Another option is the PenFed Platinum Rewards Visa Signature Card, which pays five-times points on gas purchases and electric vehicle charging stations, with no mileage cap. Those points can be used for travel, merchandise, and gift cards, among other categories.

The card is available through the PenFed Credit Union, which is open to new members with a $5 deposit. To earn the highest gas rewards, however, you need to qualify as an Honors Advantage member, which requires you to be in the military or open a checking account with PenFed.

To compare different credit card rewards, check out websites such as CreditCards.com, WalletHub.com, and MoneyCrashers.com.

Gas Credit Cards

While rewards cards may offer better discounts, for those who lack good or excellent credit, you may find it easier to qualify for a gas card, because you can often qualify with a fair credit score, says Bill Hardekopf, senior analyst at Moneycrashers.com.

Most gas cards don’t charge annual fees, but you’re likely to be charged steep interest rates if you run up a balance. Shell, for one, levies a 26.49 percent APR vs. the 16.58 percent national average for credit cards.

As noted earlier, gas card discounts are modest. Say you buy 35 gallons of regular gas a month, paying $4.60 a gallon, for a total of $161. Assuming your card gives you a 5-cent reward rate, you’d get back $1.75, which works out to a cash-back rate of 1.09 percent.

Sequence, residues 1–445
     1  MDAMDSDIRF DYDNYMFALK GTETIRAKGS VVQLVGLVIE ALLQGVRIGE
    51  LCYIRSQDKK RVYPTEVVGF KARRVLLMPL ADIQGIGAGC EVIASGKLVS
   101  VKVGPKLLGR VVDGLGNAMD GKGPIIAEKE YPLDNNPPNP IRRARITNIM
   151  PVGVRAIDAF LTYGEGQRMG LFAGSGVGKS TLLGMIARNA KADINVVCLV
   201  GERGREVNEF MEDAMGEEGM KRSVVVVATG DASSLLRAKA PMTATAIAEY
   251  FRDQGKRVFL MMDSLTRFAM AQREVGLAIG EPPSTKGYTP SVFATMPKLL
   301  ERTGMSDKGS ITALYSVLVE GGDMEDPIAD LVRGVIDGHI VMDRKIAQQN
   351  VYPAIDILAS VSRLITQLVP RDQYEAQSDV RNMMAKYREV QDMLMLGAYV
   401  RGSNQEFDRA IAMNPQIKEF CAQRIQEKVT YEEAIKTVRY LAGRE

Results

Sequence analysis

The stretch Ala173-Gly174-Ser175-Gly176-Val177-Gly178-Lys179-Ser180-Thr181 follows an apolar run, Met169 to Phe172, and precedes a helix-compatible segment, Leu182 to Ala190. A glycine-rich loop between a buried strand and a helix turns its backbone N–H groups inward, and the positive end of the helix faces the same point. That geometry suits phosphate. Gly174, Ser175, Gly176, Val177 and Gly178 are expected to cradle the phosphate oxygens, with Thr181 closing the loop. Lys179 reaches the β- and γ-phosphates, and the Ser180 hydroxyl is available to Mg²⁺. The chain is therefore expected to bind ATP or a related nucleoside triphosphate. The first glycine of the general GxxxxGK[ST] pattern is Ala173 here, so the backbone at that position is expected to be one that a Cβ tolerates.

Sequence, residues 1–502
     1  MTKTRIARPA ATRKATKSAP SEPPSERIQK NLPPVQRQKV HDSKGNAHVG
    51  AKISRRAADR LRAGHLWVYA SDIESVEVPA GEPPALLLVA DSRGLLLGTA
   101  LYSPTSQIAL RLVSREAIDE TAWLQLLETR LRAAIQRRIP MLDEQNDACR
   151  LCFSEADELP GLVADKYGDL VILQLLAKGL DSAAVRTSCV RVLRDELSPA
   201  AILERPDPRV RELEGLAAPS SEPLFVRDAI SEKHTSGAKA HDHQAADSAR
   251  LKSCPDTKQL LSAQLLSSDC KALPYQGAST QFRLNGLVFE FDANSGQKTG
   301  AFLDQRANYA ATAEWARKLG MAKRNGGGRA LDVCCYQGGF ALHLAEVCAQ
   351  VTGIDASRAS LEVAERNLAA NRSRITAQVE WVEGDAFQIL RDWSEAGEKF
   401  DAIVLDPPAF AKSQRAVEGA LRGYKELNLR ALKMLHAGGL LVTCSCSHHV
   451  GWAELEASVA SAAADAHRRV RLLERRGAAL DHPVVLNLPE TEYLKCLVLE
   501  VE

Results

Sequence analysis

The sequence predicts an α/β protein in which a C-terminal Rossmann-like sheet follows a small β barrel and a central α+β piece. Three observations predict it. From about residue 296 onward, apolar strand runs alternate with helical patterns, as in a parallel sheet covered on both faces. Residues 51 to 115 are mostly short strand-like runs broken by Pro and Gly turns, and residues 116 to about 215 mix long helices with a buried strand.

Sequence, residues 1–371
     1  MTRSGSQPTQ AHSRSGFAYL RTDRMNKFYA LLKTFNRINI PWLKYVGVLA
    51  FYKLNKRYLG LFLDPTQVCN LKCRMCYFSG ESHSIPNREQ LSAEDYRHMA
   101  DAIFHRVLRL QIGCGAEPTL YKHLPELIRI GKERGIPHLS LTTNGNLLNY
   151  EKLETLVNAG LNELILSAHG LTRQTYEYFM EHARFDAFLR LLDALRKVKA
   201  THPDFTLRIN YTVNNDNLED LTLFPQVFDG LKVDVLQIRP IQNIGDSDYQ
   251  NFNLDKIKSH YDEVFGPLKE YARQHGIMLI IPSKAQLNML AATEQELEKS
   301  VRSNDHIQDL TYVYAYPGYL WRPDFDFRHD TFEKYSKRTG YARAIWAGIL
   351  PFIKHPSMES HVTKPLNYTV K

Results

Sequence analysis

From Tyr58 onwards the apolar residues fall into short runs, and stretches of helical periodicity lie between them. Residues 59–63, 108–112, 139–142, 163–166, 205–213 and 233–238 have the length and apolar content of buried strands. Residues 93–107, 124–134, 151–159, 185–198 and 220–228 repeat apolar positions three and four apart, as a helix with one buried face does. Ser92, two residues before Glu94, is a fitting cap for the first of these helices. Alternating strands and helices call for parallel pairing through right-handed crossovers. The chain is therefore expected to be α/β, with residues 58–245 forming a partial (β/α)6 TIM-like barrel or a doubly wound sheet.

You may also bump up against caps on the number of gallons that qualify for the discount. And your discounts are typically limited to the gas company’s brand.

Still, some cards offer other benefits, such as discounts on nonfuel purchases or cash back in other spending categories. 

Among the top choices, Hardekopf points to the BP Credit Card, which takes 5 cents off every gallon at participating BP and Amoco stations and gives a 1 percent discount on nonfuel purchases at those locations. Another version, the BP Visa Credit Card, takes 10 cents off each gallon and gives a 3 percent discount on groceries and 1 percent on other purchases. 

Some gas retailers also offer discounts if you’re signed up with their programs and use a mobile payment app, such as Apple Pay or Google Pay. 

Stack Your Rewards

To max out your discounts, try to combine them with other rewards programs whenever possible. 

Many gas brands have their own apps that offer a few cents off per gallon on a purchase, and they don’t require a gas-branded credit card. Instead, you can use your rewards credit card to pay those charges.

“By linking a credit card that pays gas rewards, you can stack both discounts,” says Rossman, who uses this strategy himself.

For example, you might use a Sam’s Club Mastercard paying 5 percent cash back on gas with the Phillips 66 app recently paying 10 cents off per gallon. 

When it comes to fighting inflation at the pump or anywhere else, every little bit helps.

Consumer Reports is an independent, nonprofit organization that works side by side with consumers to create a fairer, safer, and healthier world. CR does not endorse products or services, and does not accept advertising. Copyright © 2022, Consumer Reports, Inc.